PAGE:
It’s a big deal, and we all get to go through it. The sadness in grief is huge, but strangely, so is the joy. Celebrate these wonderful creatures we love, whether we’re going through life with them or whether we’re letting them go.

During our lifetime, we can experience many losses. Some losses are separations, like death, serious illnesses or divorce, wherein we lose a special or primary relationship. It is a critical time when a parent, husband or wife, child, or sibling passes. It is even equally sorrowful, if it is a divorce and there is loss of not only the person, but a way of life and perhaps the division of a family. It is sorrowful when we lose a lover, mate, good friend or any friend ~or a beloved pet ~ who is now no longer with us. Another big loss is a miscarriage. We are numb, shell-shocked, heavy-hearted and grief-stricken. Clear thinking and decision-making becomes blurred; we are clearly not ourselves

Similar feelings can be felt albeit, at a lesser degree, at the loss of a business, a job, a home lost in foreclosure or fire, or even relocating and losing the old neighborhood.  Loss of personal attributes, such as your yourth, good health, loss of hair or good looks, surgeries, cars totaled in accidents, academic standing, integrity or even your good name or reputation all take their toll. They are all losses.

We all experience loss and we all express it differently. Some of us keep a ’stiff upper lip’ and others become withdrawn or they could become weepy and forlorn. There are no set rules for us to follow when we have loss issues. But there are some things that can help us heal.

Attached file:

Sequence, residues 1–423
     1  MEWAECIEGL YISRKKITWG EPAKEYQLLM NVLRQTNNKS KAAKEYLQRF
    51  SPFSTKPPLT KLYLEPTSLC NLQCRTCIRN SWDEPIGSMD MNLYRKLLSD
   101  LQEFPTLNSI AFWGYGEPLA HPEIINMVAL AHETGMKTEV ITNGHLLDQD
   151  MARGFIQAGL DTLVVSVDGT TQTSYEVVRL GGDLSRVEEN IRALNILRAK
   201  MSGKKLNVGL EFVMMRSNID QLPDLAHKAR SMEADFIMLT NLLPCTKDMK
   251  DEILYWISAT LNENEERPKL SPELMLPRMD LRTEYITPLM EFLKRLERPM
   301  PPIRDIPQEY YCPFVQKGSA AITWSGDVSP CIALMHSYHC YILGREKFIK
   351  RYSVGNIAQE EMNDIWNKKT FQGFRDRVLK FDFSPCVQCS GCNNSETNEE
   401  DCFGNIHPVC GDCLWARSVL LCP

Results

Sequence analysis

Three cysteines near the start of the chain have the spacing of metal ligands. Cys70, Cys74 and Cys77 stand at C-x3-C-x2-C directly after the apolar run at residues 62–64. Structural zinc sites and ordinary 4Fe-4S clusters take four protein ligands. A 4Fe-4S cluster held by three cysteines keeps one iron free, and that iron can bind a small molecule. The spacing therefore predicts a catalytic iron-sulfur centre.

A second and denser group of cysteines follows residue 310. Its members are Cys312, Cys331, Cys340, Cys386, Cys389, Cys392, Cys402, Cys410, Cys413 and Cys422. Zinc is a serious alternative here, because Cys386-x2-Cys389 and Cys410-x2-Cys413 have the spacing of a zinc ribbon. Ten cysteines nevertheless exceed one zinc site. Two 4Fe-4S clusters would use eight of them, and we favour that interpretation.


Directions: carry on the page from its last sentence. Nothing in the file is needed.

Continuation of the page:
Whether you have parted with a loved one or a pet or a way of life, you  MUST  take time to grieve. Your sadness does not go away magically when you return to work after a few days. People, in their concern for you, may tell you to ’snap out of it’ or ‘get over it’, but the truth is that it will simply take as long as it takes. It will be different for everyone. There is no ‘expiration date’ here.

As painful as it is, the grief must go somewhere, and the best place for it to go is ‘out‘. Keeping a stiff upper lift may backfire on you, leaving you crippled from the burden of unreleased grief inside you. It’s better to cry --- yes, cry --- one of the best gifts we’ve been given.  Even Jesus cried.  Tears are healing. You can cry alone or with good friends, but absolutely, do cry. You’re entitled; you’re allowed; you’re human. Tears release grief and sadness. If you can’t cry, you may want to talk to a trusted friend or spiritual person or counselor to release that grief that is pent up and not released.

As an example, a lovely neighbor of mine died unexpectedly while I was away on a trip. I did love this woman; she was elderly, kind and caring; a sort of mother to me. It occurred at a really busy time for me and I was called and told about her while I was away. I felt the first stab of shock and sadness, but quickly extinguished it (or so I thought) and carried out my professional seminar and other things to be done at hand. When I arrived at home several days later, it was the night of my neighbor’s viewing, and I hurriedly dressed to go, still not having fully absorbed the reality of her death.   I have attended many wakes, funerals and viewings, and I felt no feelings of forbearance as I walked in the door. Her grown grandchildren were standing around her casket and I hugged them all and gave condolences, but when I walked over to the casket and viewed her for the first time, reality struck, grief surged and I totally dissolved in sobbing tears. Her grandkids encircled to console me. I had pent up the grief and it had to come out; I wish I had done so in private so that I didn’t cause that concern from them when they were grieving themselves. Grief has to be given expression.